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No other Cuban has attained similar scores in chess since Capablanca

Supported by all Latin America, which has put all their hopes on him, Cuban Grand Master (GM) Leinier Domínguez (with an ELO score of 2683) will match with German Grand Master David Baramidze (2569 ELO), at the beginning of the second round of the 2007 FIDE Chess World Cup in Khanty-Mansiysk, Russia.

Baramidze surprised fans in his first round with a victory over Englishman Nigel Short (2649), but he does not seem to have enough strength to beat Leinier, who is at the peak of his career. Just to give an idea of this, the Cuban Grand Master surpassed the ELO 2,700 point mark with his two victories over Russias Alexei Iljushin (2528).

According to calculations, the two victories over Iljushin added 5.8 points, which adds to the 6.9 points won in the last regional event, held in the Dominican Republic, and to the 4.8 points won in the Casino de Barcelona Match. If all those points are added to his current ELO, it will reach 2,701 points. But there is still a long way to go in the Chess World Cup, and the number could either increase or decrease. However, this is something tangible. No other Cuban has obtained such a high ELO in world chess since Capablanca. Nonetheless, as life gives and takes, the heights of Leiniers ascent was shadowed by the performance of Cubas Chess national Champion Lázaro Bruzón (2607), who was eliminated by Croat GM Zdenko Kozul (2609). After ending tied in two classic matches, one for twenty-five minutes and the other for five, Bruzon lost with the white pieces and said goodbye to the World Cup.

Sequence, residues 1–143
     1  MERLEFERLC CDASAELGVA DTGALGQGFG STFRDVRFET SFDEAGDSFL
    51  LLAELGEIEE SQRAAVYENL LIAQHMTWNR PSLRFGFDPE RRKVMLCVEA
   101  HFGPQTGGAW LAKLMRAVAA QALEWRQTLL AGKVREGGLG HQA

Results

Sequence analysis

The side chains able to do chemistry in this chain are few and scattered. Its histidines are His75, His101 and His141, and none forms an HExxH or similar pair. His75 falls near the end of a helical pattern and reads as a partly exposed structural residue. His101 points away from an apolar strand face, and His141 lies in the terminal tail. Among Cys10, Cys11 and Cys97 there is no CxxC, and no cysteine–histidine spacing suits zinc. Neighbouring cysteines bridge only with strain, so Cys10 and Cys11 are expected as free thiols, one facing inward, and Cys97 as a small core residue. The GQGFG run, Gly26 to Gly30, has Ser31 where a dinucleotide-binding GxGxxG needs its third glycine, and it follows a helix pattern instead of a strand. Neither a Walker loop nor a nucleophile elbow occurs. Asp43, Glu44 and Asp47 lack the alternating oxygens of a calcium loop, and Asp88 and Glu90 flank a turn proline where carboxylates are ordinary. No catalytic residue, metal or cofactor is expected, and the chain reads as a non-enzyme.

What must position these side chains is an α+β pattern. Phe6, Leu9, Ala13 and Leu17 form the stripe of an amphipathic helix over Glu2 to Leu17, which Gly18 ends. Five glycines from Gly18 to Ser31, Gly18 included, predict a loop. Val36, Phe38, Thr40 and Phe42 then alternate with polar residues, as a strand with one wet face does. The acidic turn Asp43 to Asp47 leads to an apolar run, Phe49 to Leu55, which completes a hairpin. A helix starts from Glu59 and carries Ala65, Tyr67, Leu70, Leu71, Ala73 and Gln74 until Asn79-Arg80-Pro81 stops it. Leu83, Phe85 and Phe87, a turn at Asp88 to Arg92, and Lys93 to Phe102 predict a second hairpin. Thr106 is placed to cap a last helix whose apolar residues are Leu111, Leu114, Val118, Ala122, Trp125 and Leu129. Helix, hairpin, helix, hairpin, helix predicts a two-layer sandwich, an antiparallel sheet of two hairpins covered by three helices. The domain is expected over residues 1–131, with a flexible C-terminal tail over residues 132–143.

This defeat comes as no surprise, since Bruzon has had a year to forget and there is barely room for coincidence in chess. He will have to reflect and go over what he has done to see what is going wrong, but with a self-critical spirit - because self-sympathy wont help.

Generally speaking, all the favorites survived the first eliminatory round, and as it happens in "sudden death" matches, those with higher ELOs played their first games against those with lower ones. Therefore, in addition to the victory of Baramidze over Short, there were only four other surprises: Hossain Enamul (2,514), from Bangladesh, beat Ukranian Pavel Eljanov (2,691); Russian Vladimir Belov (2,587) beat his fellow country man Alexander Khalifman (2643); and Chinas Jun Zhao (2,552) and Jianchao Zhou (2,566) beat Indian Pentala Harikrishna (2,668) and Israeli Emil Sutovsky (2,655).

(Juventud Rebelde)

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